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Protecting LED Lighting
Alistair Little and Phil Kinner from Electrolube’s conformal coatings and resins departments describe how electro-chemicals have evolved to cater for an extraordinarily fast-growing LED industry.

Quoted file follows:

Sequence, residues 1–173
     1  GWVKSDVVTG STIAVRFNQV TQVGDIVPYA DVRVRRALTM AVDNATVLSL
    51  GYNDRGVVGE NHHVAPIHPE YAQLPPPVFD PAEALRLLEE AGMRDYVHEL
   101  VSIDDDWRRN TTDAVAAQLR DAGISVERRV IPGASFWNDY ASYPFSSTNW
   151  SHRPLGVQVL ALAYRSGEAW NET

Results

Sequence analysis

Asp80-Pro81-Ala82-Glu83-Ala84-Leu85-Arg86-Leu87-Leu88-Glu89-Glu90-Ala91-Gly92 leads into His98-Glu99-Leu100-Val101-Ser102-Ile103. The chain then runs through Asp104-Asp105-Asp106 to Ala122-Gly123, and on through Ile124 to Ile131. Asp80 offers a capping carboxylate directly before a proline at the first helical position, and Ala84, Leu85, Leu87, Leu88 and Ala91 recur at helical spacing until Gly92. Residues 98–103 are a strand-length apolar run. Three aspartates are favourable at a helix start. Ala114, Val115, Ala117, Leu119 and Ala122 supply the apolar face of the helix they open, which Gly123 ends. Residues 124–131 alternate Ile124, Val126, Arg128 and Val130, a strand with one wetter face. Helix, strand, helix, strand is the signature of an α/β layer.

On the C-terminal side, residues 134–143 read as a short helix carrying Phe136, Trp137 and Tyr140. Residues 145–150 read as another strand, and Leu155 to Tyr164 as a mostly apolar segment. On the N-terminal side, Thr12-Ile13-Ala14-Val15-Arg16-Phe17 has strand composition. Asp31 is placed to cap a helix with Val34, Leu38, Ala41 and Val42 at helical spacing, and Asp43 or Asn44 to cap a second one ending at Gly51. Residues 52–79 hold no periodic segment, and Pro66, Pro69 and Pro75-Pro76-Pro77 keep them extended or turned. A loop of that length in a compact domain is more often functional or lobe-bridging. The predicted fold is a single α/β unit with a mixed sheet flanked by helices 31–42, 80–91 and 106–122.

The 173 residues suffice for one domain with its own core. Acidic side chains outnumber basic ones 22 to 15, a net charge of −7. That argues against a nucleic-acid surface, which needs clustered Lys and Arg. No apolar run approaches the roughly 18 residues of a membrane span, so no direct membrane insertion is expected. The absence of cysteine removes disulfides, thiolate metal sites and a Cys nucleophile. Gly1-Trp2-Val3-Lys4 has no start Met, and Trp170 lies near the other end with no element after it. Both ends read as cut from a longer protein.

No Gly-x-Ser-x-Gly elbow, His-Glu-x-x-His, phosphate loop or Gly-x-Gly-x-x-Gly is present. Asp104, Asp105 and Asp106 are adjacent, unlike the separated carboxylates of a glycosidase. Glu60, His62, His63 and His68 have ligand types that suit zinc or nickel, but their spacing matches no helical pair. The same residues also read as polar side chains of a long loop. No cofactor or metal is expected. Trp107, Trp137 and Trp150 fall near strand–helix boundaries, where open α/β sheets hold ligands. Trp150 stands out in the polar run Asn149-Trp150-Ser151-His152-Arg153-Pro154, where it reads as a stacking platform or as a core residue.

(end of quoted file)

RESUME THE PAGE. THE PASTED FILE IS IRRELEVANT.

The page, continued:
Many readers will no doubt be aware of the phenomenal growth of the LED market, spurred on by bold new architectural designs, the universal pursuit of energy savings and the march towards more efficient, reliable and long-life lighting systems. The outdoor lighting market is a typical area where LEDs have opened up new opportunities for architectural designs in a host of applications, including under-floor lighting in heavily trafficked areas and imaginative underwater illuminations, both of which we’ll examine more closely later in this column. These are particularly demanding environments for LED lighting, but the long life and compactness of LED arrays, which make them the better option for hard-to-access spaces, make them by far the most compelling alternative to other, more energy intensive forms of lighting. However, like all electrical and electronic assemblies, LED luminaires must be adequately protected from these potentially severe and punishing environments. Modern LED luminaires consist of many discrete surface mount LED chips soldered to a supporting structure which may be rigid or flexible. Within that assembly there are likely to be associated electronic circuits such as power supplies and drivers, and these, too, need protection. As with the vast majority of circuits, the two most common forms of protection are provided by conformal coatings and encapsulation resins. The role of a conformal coating in extending the lifetime of an LED luminaire is no different to its function in protecting a regular circuit board – the coating must resist adverse environmental conditions and prevent corrosion or signal leakage in the presence of high humidity or a salt-mist atmosphere. The only real difference is that the coating needs to be sufficiently optically clear, and remain so over the lifetime of the lighting fixture to prevent deterioration in the quality of the LED’s light output, particularly its colour and intensity. The coating must also offer very high UV stability if the luminaire is destined for an outdoor application. Acrylic conformal coatings for LEDs provide both the necessary clarity and colour stability combined with excellent humidity and salt mist protection. The carrier fluids for these coatings can be solvent or water based, depending upon the production requirements imposed by the lighting manufacturer. When a coating is applied to an LED lens, a colour temperature shift will occur and typically this will be from a ‘warm’ to a ‘cooler’ temperature, varying between different LED types and colour temperature bands. Conformal coatings are typically applied thinly and a thin film will help minimise colour temperature shift issues. The problem with conformal coatings, however, is that they cannot provide adequate protection if the LED luminaire is subjected to frequent immersion in water, chemical splashes or contact with corrosive gases. Here it is better to consider using an encapsulation resin which will offer a much greater level of protection. However, we have created a new solvent free, two-part conformal coating series, whereby the coating behaves like a resin with the easy application of a conformal coating. The 2K range, are all hydrophobic coatings, providing excellent water, moisture and condensation protection, including salt mist. Therefore, before making a choice between potting and coating, in certain applications, it is worth considering where a two-part resin formulation may have been the first choice for circuit protection, a two-part conformal coating may turn out to be the better approach, thanks to its superior mechanical properties compared to one-part coatings. The 2K series is based on similar two-part chemistry to resins, but designed to be applied by selective coating equipment in the 200-400 micron range, combining many of the advantages of both technologies and minimising many of the drawbacks of each. Moreover, switching from a resin to a conformal coating will eliminate the weight penalties of the former, which may be critical to some applications. As for encapsulation resins, epoxies are mechanically strong but can be inflexible, which can lead to problems during thermal cycling. Moreover, standard epoxy systems do not offer the clarity and colour stability of other systems. Silicone resins do offer excellent clarity and also perform well at temperature extremes, whereas polyurethane resins offer a combination of good flexibility, clarity and a high level of protection in harsh environments. Resin products have been used effectively in a variety of interesting LED applications, two of which were alluded to earlier in this column. The first, completed for a customer in India, involved finding a suitable means of attaching individual lenses to the elements of multiple LED arrays. The function of these lenses is to scatter or focus light from the arrays, as required, and while some of them are held in position by fasteners, most are secured in place with a locking mechanism. The locking mechanism is perfectly adequate when the luminaire is placed in situ but it tends to loosen during transportation leading to the lenses becoming detached and causing damage to the array. Following an assessment of the customer’s needs, Electrolube India’s technical team decided that Electrolube’s UR5634 a two-part, semi-rigid polyurethane resin would more than meet the requirements of this application, particularly as it offered an exceptionally fast cure time while having the requisite stable optical clarity and a water-white transparency, which makes it the resin of choice for both aesthetically decorative LED luminaires and those that must have effective protection against adverse environmental conditions. The second application concerned a project undertaken for an Australian customer who had a number of issues with the resin encapsulation of a particular LED lighting unit that had been designed for swimming pool illumination. The lighting unit had to be sealed not just against freshwater, but also saltwater - saltwater pools being particularly popular in Australia. Apart from being able to tolerate a working temperature range of 5 to 40°C, as well as being flame retardant, the resin colour was another important issue for this project, where a light blue shade was preferred for aesthetic reasons. Previously, the customer had been using an epoxy resin, but due to the highly exothermic reaction associated with epoxies, some slight deformation of the base unit was occurring as a result of the high temperatures generated during resin cure. So the choice was narrowed down to polyurethane – in this case, Electrolube’s UR5097 encapsulation and potting compound. The cured polyurethane has a wide temperature range, good thermal conductivity and is also flame retardant to UL94 VO. The extremely low water absorption rate was considered the most critical property for this application. Normally black in colour, the resin was reformulated to the customer’s desired shade and matched against a RAL standard prior to shipping. So, how do we choose which approach is best for a particular application? Clearly, there will be applications where the choice of technology is obvious; for example, where harsh environment duty demands the highest level of protection. In this case, users can be confident that potting and encapsulation will provide the necessary long term protection, so long as the correct resin has been selected, tested and approved for the prevailing environmental conditions. If you do experience problems choosing between these methods of circuit protection, remember, there are experts out there to help. And it is always worthwhile taking the trouble to test alternative methods of protection preferably at the prototype stage before you make your final choice; the experts are ready to help you with this task as well. To find out more about these case studies, visit LINK